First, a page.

Dream: Becoming more intimate, finding my own way

I am with a group of people. We are in a kind of workshop and are presented with several conundrums in a spiritual context. I realize that my old approaches are not enough anymore. I need to find something more intimate to the situation and me, something that’s more organic and real.

The conundrums in the dream were life koans – situations without an obvious solution that life presents to us. These are the real koans. (The typical koans from Zen are standardized practice-versions of universal life koans.)

In the dream, I was faced with these life koans and it was clear that any standardized approach was not enough. I needed to become more intimate, find a more organic approach, and follow my own guidance.

I can, of course, draw on everything I have learned and all the different more formalized approaches I am familiar with. And yet, when it comes down to it, I need to find my own way. I am my own final authority. I need to find an approach in each case that feels deeply right and authentic to me and the situation.

Anything else will feel at least slightly off and out of alignment.

This is similar to clothes. We can find clothes in the store that fit more or less and may be sufficient for most purposes. But if we want clothes that fit even better, they need to be tailored and they need to change over time as we change.

I feel I have been in this process for a while, and it does require some intention to break out of old grooves of using standard approaches and find something more genuine and authentic.

After all, life is inherently free from any approaches or traditions. Most or all of the standardized approaches come from a real and authentic experience which are then standardized to fit more people and situations. And they are meant as training wheels until we find a more genuine and authentic approach.

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Hakuin: What is true meditation?

What is this true meditation?
It is to make everything:
coughing, swallowing, waving the arms,
motion, stillness, words, action,
the evil and the good, prosperity and shame,
gain and loss, right and wrong,
into one single koan.

– Hakuin Ekaku

When I look, I find that in my first-person experience, I am capacity for the world as it appears to me. I am what my world happens within and as. I am what any experience – including the list in the quote – happens within and as.

To myself, I am oneness and the world happens within and as this oneness.

This is already happening, whether I notice it or not. And when I notice, I find it’s all happening within and as the oneness I am. It’s all one single koan.


This noticing has an active and receptive aspect.

It’s active in that there is intention in the noticing, and a bit of (relaxed) effort. And it may be guided by pointers and/or an experienced guide. Also, there is some effort in keeping noticing.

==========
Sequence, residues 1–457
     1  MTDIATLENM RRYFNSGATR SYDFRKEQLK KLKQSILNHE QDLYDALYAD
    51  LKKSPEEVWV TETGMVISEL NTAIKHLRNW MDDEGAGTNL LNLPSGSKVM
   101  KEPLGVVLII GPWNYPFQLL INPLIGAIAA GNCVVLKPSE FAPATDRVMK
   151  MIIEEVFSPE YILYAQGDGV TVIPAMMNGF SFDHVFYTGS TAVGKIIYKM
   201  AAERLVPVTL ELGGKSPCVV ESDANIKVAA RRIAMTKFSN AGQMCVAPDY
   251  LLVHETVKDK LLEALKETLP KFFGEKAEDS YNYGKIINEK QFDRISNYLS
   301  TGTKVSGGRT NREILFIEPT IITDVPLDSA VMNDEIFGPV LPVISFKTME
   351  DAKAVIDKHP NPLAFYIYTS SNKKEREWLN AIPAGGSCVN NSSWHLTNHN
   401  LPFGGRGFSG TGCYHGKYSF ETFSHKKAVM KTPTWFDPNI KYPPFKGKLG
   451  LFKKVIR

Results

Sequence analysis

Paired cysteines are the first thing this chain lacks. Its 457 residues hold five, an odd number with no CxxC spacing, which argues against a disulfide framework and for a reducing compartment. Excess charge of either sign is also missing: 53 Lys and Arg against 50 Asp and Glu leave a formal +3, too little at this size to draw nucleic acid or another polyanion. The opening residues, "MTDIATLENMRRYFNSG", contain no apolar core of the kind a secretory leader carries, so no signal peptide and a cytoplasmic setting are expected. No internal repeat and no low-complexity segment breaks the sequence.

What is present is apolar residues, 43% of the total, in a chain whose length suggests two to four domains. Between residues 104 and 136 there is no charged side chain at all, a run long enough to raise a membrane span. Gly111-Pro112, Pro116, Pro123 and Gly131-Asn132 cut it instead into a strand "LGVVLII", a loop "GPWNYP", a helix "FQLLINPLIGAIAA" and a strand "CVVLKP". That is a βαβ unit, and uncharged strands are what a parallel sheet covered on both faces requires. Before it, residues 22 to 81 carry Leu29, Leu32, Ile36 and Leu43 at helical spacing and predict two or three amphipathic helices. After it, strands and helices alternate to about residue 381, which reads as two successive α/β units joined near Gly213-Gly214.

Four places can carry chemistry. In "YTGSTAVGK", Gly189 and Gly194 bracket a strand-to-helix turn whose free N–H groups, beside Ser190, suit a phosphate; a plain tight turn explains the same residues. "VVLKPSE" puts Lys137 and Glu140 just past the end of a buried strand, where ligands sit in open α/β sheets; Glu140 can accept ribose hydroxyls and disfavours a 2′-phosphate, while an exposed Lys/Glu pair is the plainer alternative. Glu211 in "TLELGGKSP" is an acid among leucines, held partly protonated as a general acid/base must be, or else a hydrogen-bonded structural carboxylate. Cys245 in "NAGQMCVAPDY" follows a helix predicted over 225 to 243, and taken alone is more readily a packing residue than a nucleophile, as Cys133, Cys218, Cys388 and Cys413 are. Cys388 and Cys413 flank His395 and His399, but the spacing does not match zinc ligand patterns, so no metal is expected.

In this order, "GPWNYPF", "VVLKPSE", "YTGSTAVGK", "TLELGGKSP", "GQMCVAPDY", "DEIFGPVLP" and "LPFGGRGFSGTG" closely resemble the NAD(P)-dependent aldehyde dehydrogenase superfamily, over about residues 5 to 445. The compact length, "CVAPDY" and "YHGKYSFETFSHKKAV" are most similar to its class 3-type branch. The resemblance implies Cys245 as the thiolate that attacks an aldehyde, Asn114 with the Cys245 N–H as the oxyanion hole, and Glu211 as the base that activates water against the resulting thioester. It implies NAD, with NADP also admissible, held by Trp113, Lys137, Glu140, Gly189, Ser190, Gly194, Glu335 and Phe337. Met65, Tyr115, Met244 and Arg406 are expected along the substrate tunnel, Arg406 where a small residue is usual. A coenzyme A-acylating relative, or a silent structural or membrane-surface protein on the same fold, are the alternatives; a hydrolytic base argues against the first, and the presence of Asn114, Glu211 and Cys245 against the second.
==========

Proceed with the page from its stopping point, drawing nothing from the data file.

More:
And noticing also has a receptive aspect. I notice what’s already here. Nothing needs to be created or fabricated. My nature is here independent of states and any content of experience. All that’s needed is noticing and finding receptivity to what’s already here.


This form of true meditation can happen anywhere and at any time. It can happen within any spiritual practice. It can happen through situations in daily life.

Basic meditation is similar. It’s to notice and allow what’s here. And then to notice that what’s here is already noticed and allowed. The first is more effortful and ultimately impossible. And the second a bit more relaxed, essential, and possible, and something we can notice anywhere and at any time.


Hakuin calls it a koan, so in what sense it is a koan? Perhaps because it’s all inherently a mystery? And how I live my life with all of this – with all of the richness of experience and life – is an ongoing exploration. There is no final answer. There is no finishing line.

Drawing: Ink on paper by Hakuin Ekaku

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Love and moving through

I am still in what can be called a dark night of the soul, and it’s still quite challenging. My brain feels foggy. There is fatigue. Painful emotions surface. Painful memories come up. The rug keeps being pulled out from under my feet.

And a living koan keeps coming up for me related to this.

On the one hand, there is love. Finding love for what’s here, and recognizing it as love.

On the other hand, there is aiming for it to move through as easily as possible.

Both are from kindness and wisdom. And both can clearly co-exist, are mutually supportive of each other, and complementary.

Love helps me recognize that what’s here is the divine. The divine recognizes itself as even what a thought may call difficult.

Aiming for it to move through keeps the bigger picture alive, and is a reminder to feel what’s surfacing without wallowing in it.

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Living inquiry

The Work is of course a session with four questions and the turnarounds.

And yet, the more I explore The Work, the more I see it’s about living inquiry.

It’s living inquiry since it’s a stressful thought in my own life I take to inquiry.

It’s living inquiry since what makes it really sink in for me is taking any of the four questions or any turnaround to my life, and staying with it and returning to it over time.

It’s also a living inquiry since I get to see how any one belief is lived through my view, emotions, body and life. And how finding more clarity resolves this, and is eventually lived through view, emotions, body and life.